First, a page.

In a Reuters report, Miami health care professionals in area hospitals are struggling with the physical and emotional toll of dealing with an increase in COVID-19 cases. According to the story, many health care workers on the frontlines are frustrated as the numbers of coronavirus cases continue to rise.
They are frustrated by the inability of federal, state, and local governments to coordinate a response to the pandemic. They are also frustrated by the disregard of many Floridians to follow safety guidelines to stop the spread of the virus.
Miami doctors expressed their concerns. Dr. Eric Knott, who works in three of Miami’s largest hospitals, stated that his work is for nothing if we cannot stop the spread of the virus.
Another doctor compared the virus to a hurricane. A hurricane is a finite amount, whereas the virus is infinite.
Nurses, Doctors & Other Medical Staff Under Immense Stress
Dealing with a high number of patients and the emotional trauma of watching so many patients die takes its toll on health care providers. Physically, it takes a lot of energy and time to tend to ICU patients. ICU patients must be monitored closely, which requires a lot of effort by staff members.
Turning an ICU patient can take up to six staff members to ensure that life support systems are not compromised. ICU patients must be turned often to prevent other complications from lying in one position too long.
Watching co-workers become ill is another emotional toll.
A critical care nurse recalls that he has never had to worry about co-workers dying or put another nurse on life-support in his ten years of medicine. At Jackson Memorial Hospital, employees have had to stay home because they are sick, or they have been hospitalized. The result is the hospital calling in hundreds of additional workers.
For many patients, health care workers are the only people they see who can provide care and comfort. When a person is dying, it is a health care worker holding that person’s hand to provide comfort. The toll is overwhelming.
One nurse had to be helped off a hospital floor after she had a breakdown.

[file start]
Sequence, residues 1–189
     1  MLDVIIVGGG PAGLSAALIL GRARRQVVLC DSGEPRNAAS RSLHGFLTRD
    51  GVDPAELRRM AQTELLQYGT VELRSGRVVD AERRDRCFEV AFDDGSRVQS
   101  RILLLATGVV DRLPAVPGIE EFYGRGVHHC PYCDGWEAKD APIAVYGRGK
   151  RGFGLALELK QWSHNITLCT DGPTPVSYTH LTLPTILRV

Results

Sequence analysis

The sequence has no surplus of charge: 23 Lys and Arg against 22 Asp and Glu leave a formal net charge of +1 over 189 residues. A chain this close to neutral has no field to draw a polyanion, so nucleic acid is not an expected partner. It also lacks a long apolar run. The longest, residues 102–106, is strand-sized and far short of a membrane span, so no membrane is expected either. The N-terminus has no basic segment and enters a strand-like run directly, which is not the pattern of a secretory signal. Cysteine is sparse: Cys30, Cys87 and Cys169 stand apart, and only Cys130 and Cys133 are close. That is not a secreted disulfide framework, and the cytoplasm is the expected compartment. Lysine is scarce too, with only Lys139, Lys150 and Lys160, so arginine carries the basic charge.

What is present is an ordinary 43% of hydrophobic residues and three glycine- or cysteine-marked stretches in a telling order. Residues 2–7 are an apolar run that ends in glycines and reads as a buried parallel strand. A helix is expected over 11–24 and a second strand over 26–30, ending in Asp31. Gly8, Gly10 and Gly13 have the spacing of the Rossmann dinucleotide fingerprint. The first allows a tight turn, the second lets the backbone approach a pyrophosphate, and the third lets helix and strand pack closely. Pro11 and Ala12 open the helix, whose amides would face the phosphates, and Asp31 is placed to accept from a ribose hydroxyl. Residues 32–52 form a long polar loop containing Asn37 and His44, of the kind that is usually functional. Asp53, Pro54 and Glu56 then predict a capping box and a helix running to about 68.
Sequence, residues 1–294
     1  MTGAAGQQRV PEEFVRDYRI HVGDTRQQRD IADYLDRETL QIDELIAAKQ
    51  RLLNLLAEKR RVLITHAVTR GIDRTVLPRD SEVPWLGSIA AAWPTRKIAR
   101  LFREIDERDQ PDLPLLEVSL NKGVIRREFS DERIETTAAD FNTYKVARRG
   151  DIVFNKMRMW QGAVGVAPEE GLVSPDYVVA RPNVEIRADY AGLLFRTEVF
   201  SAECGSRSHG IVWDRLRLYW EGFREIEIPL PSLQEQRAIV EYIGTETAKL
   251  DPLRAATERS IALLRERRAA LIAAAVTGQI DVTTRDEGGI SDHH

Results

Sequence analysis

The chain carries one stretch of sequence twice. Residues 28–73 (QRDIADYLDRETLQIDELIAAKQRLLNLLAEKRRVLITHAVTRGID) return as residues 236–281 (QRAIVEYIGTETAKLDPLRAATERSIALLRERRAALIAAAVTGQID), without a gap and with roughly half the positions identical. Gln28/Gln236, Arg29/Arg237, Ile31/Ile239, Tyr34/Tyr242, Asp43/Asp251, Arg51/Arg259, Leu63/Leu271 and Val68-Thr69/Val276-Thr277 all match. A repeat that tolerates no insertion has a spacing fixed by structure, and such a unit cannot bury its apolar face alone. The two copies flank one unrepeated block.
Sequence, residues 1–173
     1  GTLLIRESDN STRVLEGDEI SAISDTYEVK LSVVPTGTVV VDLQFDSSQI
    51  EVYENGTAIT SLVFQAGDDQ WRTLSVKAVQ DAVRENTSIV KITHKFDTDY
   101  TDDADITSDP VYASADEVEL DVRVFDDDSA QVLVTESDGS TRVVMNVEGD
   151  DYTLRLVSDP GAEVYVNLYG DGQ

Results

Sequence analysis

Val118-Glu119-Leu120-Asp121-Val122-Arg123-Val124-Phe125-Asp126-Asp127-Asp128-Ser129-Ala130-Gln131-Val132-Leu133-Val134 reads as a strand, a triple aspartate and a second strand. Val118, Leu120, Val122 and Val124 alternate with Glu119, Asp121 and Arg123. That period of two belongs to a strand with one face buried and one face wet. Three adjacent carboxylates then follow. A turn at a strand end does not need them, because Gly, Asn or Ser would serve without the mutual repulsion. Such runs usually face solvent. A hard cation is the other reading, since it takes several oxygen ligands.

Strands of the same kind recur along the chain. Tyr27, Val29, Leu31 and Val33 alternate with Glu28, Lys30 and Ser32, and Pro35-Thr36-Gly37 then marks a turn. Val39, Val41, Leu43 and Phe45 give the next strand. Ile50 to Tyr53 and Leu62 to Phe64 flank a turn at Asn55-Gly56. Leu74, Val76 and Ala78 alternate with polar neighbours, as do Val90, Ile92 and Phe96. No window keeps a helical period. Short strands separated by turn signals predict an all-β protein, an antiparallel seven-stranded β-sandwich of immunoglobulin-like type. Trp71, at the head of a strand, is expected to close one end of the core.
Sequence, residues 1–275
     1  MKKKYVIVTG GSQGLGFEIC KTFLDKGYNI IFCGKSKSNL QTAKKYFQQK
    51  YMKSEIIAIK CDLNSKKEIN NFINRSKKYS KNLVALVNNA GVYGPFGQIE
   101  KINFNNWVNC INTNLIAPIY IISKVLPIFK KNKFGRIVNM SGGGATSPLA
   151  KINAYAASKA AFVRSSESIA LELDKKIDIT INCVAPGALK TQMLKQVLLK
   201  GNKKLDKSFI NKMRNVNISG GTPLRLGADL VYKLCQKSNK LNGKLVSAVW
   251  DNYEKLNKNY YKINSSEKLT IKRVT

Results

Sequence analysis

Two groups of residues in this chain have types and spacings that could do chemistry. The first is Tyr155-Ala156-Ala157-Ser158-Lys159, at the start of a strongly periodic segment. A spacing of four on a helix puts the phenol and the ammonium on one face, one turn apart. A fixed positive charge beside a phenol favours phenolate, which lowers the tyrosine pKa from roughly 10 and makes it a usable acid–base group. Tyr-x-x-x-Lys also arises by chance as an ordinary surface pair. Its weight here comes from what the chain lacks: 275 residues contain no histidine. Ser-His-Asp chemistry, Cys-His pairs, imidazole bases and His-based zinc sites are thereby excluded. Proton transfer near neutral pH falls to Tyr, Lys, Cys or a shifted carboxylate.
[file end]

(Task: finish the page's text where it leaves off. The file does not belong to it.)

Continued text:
Martha Baker, a registered nurse and president of Union 1991, which represents over 5,000 medical professionals within the Jackson Health System in Miami, is concerned they are going to be stretched too thin. She stated when that happens, that is when patients die. Baker said that if we don’t find a way to slow the virus, they are just chasing their tails as they fight a war against the virus.
Florida’s COVID-19 Rates Continue to Increase
In May, Governor Ron DeSantis declared victory over the coronavirus. He claimed that people did not want to recognize the success Florida had in fighting the virus. Instead, Gov. DeSantis said that people in the media had spent weeks saying that Florida would be just like New York.
The Governor’s approach to the pandemic did not follow other states. Florida did not shut down, initiate mandatory masks, or follow other CDC guidelines for stopping the spread of the virus. It took a different approach.
For some time, the approach worked. For whatever reason, COVID-19 did not spread like wildfire throughout the state.
In May, the seven-day average for new coronavirus cases remained under 1,000 per day. However, by June, COVID-19 cases began to increase.
By July 15, the seven-day average was 1,775 new cases per day. By August 1, the seven-day average had soared to 9,360 new coronavirus cases per day in Florida.
According to the CDC, as of August 5, 2020, Florida has the second-highest number of coronavirus cases in the United States. The numbers are much higher than either New York or New York City. During the past seven days, Florida has reported 54,906 new COVID-19 cases, whereas New York reported just 4,652 new cases.
The numbers prove that the virus is unpredictable. A state can have low numbers for one month, but the numbers can skyrocket in the next month. Medical providers and health care professionals continue to sound the warning that we must increase our efforts to stop the spread of the virus.
How Can You Help Stop the Spread of COVID-19?
The Florida Health Department and the CDC have information on their websites about steps to prevent the spread of the virus. There is also information about what to do if you believe you may have COVID-19 and how to protect your family from contracting the virus.